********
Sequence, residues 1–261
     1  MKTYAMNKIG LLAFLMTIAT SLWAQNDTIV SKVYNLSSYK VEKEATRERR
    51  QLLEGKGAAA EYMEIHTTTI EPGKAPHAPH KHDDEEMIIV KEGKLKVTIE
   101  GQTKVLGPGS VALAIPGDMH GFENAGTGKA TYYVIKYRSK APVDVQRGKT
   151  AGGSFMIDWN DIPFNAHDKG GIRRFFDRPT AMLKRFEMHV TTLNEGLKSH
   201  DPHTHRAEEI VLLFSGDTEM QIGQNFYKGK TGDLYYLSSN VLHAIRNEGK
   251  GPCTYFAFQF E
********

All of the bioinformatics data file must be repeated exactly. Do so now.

Sequence, residues 1–261
     1  MKTYAMNKIG LLAFLMTIAT SLWAQNDTIV SKVYNLSSYK VEKEATRERR
    51  QLLEGKGAAA EYMEIHTTTI EPGKAPHAPH KHDDEEMIIV KEGKLKVTIE
   101  GQTKVLGPGS VALAIPGDMH GFENAGTGKA TYYVIKYRSK APVDVQRGKT
   151  AGGSFMIDWN DIPFNAHDKG GIRRFFDRPT AMLKRFEMHV TTLNEGLKSH
   201  DPHTHRAEEI VLLFSGDTEM QIGQNFYKGK TGDLYYLSSN VLHAIRNEGK
   251  GPCTYFAFQF E